India was the jewel in the crown of the British Empire. There were vast riches to be exploited and vast numbers of people to be subjugated. How better to achieve these aims than by building a rail network that facilitated the export of raw material and made it easier for troops to travel around the country to tackle uprisings?
India joined the railway age late: the first line was not completed until 1853, but, by 1929, 41,000 miles of track served the country. However, the creation of this vast network was not intended to modernise India for the sake of its people but rather was a means for the colonial power to govern the huge country under its control, serving its British economic and military interests.
By building India's railways, Britain radically changed the nation but also unwittingly created the preconditions of independence. While the railways benefited India and were its first modern development, their construction ultimately contributed to a stirring of nationalist opinion, as resentment grew among the Indian population over the conditions they endured when travelling by train and the barring of Indians from the better paid railway jobs.
Despite the dubious intentions behind the construction of the network, the Indian people quickly took to the railways, as the trains allowed them to travel easily for the first time. The Indian Railways network remains one of the largest in the world, serving over 25 million passengers each day.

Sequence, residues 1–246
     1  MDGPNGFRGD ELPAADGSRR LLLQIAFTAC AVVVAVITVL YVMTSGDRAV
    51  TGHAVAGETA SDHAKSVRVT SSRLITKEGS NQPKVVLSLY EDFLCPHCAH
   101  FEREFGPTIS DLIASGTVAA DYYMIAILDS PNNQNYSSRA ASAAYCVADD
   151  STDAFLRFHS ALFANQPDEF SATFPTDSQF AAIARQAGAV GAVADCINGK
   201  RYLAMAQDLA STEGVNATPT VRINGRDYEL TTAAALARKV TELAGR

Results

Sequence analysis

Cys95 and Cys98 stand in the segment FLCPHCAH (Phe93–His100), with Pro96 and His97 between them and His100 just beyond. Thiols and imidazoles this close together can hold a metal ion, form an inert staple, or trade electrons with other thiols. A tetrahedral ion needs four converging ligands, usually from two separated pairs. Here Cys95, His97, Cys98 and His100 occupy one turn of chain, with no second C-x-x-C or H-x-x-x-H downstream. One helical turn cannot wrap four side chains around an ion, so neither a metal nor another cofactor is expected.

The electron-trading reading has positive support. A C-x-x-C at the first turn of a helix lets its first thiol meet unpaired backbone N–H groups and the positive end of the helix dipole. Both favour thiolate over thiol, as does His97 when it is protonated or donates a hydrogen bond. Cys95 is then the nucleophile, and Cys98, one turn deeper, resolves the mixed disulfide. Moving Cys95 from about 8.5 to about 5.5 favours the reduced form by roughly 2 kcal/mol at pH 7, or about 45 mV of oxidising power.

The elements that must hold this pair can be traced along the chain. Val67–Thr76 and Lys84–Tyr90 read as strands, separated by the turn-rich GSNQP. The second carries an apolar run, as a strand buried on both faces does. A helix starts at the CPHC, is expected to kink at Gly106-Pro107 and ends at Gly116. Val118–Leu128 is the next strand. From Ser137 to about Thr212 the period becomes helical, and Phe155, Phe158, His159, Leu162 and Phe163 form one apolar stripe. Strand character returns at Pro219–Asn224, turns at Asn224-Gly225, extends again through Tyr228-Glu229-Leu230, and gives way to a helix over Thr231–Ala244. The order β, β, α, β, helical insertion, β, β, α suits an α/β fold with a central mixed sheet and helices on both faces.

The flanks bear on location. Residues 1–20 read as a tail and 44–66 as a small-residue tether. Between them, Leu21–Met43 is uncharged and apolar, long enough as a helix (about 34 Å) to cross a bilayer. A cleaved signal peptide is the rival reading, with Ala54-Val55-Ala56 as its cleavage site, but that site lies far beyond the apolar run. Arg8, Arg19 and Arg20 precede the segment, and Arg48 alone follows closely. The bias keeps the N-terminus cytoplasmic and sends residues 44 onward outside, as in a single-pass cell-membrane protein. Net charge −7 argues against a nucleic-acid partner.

In this expertly told history, Christian Wolmar reveals the full story of India's railways, from its very beginnings to the present day, and examines the chequered role they have played in Indian history and the creation of today's modern state.
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- Anonymous User
Hilarious British guy
British author seemed a little insecure about India. It was funny. Enjoyed both the book and his sense of insecurity.
Having grown up in India with a lot of train travel, I found this book to be very interesting. Helped me in connecting a few dots and learn a few new things. There’s nothing in here that will blow your mind, except perhaps that IR serves 8 billion passengers a year, but there are several tidbits that makes a compelling story.
The author was critical of the motives of colonial government in creating the railways that served an imperfect Indian society. A delicate task done admirably.
Narration is excellent with only about half the Indian names mispronounced.